|In order to anticipate some trepidation we thought our participants might have about multimodal production—which some did have—we offered various options that cater to different skill sets, such as the photo story format for those who might be uneasy with video editing. We also stressed that aesthetic concerns should be balanced against rhetorical ones…plus, effective PSAs don’t always incorporate perfect production values, as demonstrated by the crudely produced but whimsical anti-marijuana spot from the ONDCP. Another thing to keep in mind: in a MOOC, the brain trust is huge and varied, so technical expertise is likely not in short supply (this was certainly our experience). Here, we suggest that you trust in the participants’ capacity to teach and support one another. Bill Hart-Davidson (2014) argued for embracing the pedagogical value afforded by MOOCs and their capacity for cultivating a “peer scaffolding” approach to learning: “Within peer networks, there is a dynamic that arises from the rich set of resources each individual learner has to draw upon that boosts the learning potential—and the performance level—of each individual” (p. 213). To some degree, this involves support and curation on our end, such as setting up, monitoring, and participating in discussion forums, reminding students of these resources during virtual office hours or email updates, or pointing learners to individuals or social media communities that seem especially well-equipped to handle particular problems. Largely, though, the motivation to seek out help, and to offer that help in return, is already there to an extraordinary degree. Ultimately, we got some really fascinating pieces out of the assignment. The next section includes some examples of how some of our participants handled the task at hand.|
The Gallery: Participant Examples
Sample Participant PSAs
Note the minimalist approach to production here: the only audio is the sound of waves, the only video component footage of the ocean with a textual overlay. The lack of busy-ness helps reinforce the PSA's ultimate message, raising awareness about ocean pollution. Moreover, the use of a simple narrative-based concept rather than, say, a list of statistics, demonstrates a deliberate attempt to rely on pathos as a central appeal.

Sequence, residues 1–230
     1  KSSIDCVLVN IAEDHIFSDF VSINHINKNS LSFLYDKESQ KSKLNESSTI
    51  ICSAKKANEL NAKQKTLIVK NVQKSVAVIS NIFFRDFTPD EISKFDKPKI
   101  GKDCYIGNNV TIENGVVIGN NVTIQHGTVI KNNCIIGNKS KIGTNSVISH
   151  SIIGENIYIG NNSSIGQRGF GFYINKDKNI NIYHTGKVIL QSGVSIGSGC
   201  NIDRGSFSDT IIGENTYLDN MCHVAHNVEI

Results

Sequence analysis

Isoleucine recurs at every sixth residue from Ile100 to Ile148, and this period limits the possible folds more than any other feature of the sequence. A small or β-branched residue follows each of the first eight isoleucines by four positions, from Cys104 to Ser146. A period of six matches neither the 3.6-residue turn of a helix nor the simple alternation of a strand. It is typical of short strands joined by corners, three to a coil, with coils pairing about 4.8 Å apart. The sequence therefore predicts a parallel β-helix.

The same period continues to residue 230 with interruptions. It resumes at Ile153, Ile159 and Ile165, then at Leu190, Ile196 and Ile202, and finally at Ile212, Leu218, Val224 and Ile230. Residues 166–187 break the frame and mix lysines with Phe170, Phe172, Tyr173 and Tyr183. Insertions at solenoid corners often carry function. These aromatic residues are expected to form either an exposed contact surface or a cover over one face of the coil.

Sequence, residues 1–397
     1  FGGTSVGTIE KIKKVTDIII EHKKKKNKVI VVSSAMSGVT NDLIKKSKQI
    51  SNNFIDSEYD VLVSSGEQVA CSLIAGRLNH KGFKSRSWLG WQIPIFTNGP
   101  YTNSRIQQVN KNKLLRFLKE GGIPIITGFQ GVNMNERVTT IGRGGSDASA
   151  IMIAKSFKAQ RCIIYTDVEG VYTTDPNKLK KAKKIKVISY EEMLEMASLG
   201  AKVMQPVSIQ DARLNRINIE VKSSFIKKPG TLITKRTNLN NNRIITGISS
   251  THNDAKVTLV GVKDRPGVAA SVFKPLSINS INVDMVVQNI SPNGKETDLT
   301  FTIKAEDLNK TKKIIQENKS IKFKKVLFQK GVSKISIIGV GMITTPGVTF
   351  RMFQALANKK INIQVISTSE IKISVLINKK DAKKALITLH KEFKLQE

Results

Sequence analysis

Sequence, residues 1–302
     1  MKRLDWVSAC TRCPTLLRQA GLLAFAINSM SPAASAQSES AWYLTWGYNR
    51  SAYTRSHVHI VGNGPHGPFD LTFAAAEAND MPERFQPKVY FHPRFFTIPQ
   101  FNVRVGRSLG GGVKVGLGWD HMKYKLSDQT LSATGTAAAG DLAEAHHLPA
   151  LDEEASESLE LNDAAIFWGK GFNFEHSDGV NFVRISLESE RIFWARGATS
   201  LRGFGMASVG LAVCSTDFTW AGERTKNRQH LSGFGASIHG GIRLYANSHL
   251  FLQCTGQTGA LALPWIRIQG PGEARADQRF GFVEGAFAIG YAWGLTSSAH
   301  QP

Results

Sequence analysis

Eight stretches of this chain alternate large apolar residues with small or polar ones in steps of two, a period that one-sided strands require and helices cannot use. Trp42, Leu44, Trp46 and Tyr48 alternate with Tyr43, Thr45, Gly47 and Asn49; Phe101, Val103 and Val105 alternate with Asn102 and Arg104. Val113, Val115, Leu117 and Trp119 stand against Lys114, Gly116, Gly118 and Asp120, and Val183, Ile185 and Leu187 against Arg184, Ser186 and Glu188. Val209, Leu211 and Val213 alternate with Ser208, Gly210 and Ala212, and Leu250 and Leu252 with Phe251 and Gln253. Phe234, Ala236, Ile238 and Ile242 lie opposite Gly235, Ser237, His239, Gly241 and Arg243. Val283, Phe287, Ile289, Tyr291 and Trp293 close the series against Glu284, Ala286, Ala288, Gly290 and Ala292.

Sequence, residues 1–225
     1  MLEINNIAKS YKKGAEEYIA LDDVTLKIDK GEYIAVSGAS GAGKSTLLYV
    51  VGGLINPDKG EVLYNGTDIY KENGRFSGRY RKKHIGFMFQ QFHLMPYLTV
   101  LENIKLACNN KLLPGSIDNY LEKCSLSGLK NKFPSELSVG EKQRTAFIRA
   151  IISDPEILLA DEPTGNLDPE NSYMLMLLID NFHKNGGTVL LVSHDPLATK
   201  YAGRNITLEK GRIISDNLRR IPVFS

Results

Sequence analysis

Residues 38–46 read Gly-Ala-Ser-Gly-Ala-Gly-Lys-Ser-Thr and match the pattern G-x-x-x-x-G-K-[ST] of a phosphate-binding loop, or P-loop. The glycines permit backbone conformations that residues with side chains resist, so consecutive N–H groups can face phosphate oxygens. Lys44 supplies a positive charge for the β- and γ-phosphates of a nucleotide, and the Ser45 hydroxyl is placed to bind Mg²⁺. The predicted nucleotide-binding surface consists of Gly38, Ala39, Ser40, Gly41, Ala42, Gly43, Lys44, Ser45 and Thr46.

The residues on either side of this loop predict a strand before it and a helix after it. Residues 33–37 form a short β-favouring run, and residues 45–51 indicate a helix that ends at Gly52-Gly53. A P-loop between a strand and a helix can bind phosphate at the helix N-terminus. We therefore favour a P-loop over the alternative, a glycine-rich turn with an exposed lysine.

The background audio track casts a somber tone over this photo-story PSA, emphasizing the troubling nature of the gun violence epidemic, particularly among black youth. Aesthetically, the piece utilizes a consistent arrangement, alternating between short text slides and black-and-white imagery of children. Color doesn’t appear until the end of the piece, the “Save Our Children” caption, which visually draws attention to the urgency behind the PSA’s call to action.
This acknowledged mashup (using preexisting imagery, but incorporating text in a postcard-style layout) cleverly replicates the duality of the original image by orienting text both right-side up and upside down. Use of color is restrained, serving to reinforce the key distinction of the argument for biking versus driving automobiles (“dominant” versus “cost efficiency”). Moreover, orientation and scale also play into the argument: the “pro-bike” side of this argument is given a larger heading and is positioned right-side up.
Given the local epidemic spike in pedestrian injuries for Duval County, Florida, the designer resorted to a striking poster design that utilizes a high-contrast image of vertically oriented double yellow lines against black asphalt as a primary means of catching the viewer’s attention. The repetition of the yellow in the slogan (“BE SEEN”) connects the text and imagery, and the use of turquoise, green, and red in the line “WEAR BRIGHT COLORS” reinforces the semantic message.